For many years, I wore a medallion around my neck. I do not remember where the medallion came from and how I ended up with it. It was an oval shaped medallion about an inch and a half long and an inch wide, plated in sterling silver. On the face of the medallion, there were the most serene set of hands praying with what appeared to be robed sleeves hanging from the wrists—a comforting portrait. On the reverse side of the medallion, the following inscription was engraved…
God grant me the serenity to accept the things I cannot change;
The courage to change the things I can;
And the wisdom to know the difference.
The medallion is no longer in my possession, but I spent countless hours meditating on the saying. The silver wore off right down to the bronze metal underneath, but the words never wore down. I clung to the statements creeds during hard times, and there were many. I sought inspiration and affirmation through the few lines of profound verse when things were well. Like my life, the medallion has moved on. I no longer have the piece of metal, but the inscription is forever etched into my heart. After investing a good portion of my life considering what the words mean to me, this is what I have concluded.
“God,” the Almighty, the creator of the Universe, the Supreme Being. “Grant me the Serenity;” bestow upon me a calm heart, create in me calmness and trust that You and You alone are powerful enough to carry my burdens. “To accept;” not to doubt, nor to question Your divine motives, “the things I cannot change;” the matters, which destiny and fate has placed before me. “The courage;” much more than bravery, an infinite fortitude forever upholding Your honor, “to change the things I can;” to allow within me an attitude of graciousness and humility to establish and accept the challenges of change. “And the wisdom;” the acumen, the caution, and the discernment, “to know the difference,” not to presume, nor to fabricate, but to separate and distinguish doubt from truth and to embrace Your truth everlasting.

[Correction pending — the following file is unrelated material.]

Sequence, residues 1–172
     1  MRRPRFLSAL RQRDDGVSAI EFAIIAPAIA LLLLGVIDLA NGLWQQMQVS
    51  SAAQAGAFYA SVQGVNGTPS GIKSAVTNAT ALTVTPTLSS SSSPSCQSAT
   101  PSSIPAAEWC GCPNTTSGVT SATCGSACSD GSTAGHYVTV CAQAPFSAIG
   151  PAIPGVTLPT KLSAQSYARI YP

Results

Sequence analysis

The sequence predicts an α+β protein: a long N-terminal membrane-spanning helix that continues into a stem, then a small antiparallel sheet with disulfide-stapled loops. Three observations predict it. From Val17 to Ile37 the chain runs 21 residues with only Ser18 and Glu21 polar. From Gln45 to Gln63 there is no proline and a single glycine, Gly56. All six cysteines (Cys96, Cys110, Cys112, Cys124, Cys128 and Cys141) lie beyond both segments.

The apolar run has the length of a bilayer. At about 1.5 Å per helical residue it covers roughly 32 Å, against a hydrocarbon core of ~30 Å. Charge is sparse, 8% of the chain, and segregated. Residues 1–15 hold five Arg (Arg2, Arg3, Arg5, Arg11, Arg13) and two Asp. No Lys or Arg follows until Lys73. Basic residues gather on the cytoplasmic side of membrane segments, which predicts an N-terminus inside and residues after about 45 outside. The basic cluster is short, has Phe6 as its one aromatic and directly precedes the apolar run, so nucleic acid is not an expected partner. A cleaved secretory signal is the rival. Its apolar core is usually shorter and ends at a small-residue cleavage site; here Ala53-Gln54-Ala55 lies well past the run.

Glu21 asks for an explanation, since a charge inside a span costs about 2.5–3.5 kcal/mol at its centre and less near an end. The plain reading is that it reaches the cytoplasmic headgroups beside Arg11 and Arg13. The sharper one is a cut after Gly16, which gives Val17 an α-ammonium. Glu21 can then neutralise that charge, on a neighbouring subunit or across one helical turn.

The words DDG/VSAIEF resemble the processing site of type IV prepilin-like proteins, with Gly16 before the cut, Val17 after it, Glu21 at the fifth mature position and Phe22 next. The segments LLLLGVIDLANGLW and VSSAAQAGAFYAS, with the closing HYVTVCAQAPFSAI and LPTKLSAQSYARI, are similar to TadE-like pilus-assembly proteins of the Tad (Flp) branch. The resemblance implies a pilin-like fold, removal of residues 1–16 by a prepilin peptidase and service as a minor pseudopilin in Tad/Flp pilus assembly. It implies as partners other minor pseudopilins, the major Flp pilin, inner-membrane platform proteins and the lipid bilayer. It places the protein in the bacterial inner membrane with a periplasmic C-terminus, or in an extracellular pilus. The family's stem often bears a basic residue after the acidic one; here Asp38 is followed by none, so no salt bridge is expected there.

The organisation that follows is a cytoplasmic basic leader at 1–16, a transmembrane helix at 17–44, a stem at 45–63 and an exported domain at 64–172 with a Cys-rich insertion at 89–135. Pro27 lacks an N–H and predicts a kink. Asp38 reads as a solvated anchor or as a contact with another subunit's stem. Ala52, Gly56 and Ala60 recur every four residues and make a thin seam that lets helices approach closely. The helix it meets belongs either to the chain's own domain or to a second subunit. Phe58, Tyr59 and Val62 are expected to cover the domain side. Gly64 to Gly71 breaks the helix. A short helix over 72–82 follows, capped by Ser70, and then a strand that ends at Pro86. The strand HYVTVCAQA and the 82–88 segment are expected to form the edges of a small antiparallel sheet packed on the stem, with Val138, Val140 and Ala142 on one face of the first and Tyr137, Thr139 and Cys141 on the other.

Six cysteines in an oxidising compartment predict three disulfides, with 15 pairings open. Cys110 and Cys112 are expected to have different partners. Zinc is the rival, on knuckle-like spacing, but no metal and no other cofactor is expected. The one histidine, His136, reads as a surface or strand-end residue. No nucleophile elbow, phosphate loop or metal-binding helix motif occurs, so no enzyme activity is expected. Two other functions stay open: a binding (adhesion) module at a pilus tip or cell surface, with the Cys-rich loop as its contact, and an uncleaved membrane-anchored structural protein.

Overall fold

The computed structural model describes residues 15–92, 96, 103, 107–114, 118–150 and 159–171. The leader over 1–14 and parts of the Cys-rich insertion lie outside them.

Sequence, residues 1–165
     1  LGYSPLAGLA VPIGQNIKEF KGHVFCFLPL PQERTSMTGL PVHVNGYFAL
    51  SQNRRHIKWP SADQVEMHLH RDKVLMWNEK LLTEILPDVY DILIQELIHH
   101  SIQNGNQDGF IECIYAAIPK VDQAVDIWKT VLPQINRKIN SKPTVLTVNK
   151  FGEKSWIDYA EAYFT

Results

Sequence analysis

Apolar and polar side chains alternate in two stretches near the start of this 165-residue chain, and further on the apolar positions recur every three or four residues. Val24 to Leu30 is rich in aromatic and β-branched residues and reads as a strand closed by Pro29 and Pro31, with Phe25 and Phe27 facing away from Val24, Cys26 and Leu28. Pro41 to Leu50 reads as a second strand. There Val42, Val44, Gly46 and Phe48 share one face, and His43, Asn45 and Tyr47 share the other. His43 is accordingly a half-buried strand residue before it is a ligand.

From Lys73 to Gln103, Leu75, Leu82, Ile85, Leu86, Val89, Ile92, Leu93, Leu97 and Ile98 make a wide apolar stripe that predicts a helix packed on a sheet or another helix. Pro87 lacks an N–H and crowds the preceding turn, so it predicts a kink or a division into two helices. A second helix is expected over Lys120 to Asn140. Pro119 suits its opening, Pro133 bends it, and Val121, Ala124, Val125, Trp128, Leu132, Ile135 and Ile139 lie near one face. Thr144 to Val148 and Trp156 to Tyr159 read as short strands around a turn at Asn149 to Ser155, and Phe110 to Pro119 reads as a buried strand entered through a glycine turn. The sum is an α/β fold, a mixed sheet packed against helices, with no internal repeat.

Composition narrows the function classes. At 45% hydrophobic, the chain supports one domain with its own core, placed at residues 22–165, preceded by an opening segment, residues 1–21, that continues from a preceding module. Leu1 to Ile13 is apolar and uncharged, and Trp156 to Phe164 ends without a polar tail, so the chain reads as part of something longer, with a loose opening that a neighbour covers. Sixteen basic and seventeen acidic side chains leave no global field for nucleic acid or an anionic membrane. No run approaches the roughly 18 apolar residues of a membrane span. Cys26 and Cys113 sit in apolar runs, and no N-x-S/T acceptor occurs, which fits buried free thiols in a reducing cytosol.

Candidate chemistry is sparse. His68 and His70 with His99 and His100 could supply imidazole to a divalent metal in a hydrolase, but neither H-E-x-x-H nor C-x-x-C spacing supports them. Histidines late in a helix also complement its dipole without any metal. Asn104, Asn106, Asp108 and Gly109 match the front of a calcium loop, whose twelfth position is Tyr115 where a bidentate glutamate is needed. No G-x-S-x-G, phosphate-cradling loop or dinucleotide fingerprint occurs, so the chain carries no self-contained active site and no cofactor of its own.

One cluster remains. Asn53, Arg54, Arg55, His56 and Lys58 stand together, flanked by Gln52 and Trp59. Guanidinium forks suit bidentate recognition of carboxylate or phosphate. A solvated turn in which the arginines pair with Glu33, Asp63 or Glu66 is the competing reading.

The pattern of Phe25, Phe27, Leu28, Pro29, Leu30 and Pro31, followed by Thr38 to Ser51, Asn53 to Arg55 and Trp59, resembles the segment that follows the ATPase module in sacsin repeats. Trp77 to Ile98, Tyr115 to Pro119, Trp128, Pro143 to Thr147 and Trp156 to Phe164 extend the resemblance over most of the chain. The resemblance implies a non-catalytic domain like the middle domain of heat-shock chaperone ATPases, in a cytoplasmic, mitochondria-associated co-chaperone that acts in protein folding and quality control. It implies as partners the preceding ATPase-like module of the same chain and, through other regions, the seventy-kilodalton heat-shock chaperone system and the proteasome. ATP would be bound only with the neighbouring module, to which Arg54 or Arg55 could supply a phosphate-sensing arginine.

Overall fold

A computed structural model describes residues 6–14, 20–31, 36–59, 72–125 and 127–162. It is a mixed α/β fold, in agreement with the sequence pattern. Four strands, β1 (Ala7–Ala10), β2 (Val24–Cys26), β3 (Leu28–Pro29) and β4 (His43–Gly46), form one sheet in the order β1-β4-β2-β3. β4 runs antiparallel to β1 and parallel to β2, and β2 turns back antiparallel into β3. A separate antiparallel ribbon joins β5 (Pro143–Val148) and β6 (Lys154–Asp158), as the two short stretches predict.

You can imagine my surprise after having spent years of my life pondering over the words on the medallion the day I realized the person who wrote those words, Reinhold Niebuhr, was a past student and President of Elmhurst College, the college where I attended my undergraduate studies. The legacy of Reinhold Niebuhr lives on today at the campus of Elmhurst College. The original “Serenity Prayer,” as it is known, was a little different than we know it to be today. It was originally delivered by Reinhold Niebuhr, in his native language German, at the conclusion of a sermon in 1943. Incidentally, I wrote my response to the Serenity Prayer prior to examining Reinhold Niebuhr’s original prayer. It is remarkable how closely related the two concepts of thought are alike, despite the exclusion of three-quarters of the original words.
Below is the English translation of the original closing Serenity Prayer as delivered by Reinhold Niebuhr.
God, give us grace to accept with serenity
the things that cannot be changed,
Courage to change the things
which should be changed,
and the Wisdom to distinguish
the one from the other.
Living one day at a time,
Enjoying one moment at a time,
Accepting hardship as a pathway to peace,
Taking, as Jesus did,
This sinful world as it is,
Not as I would have it,
Trusting that You will make all things right,
If I surrender to Your will,
So that I may be reasonably happy in this life,
And supremely happy with You forever in the next.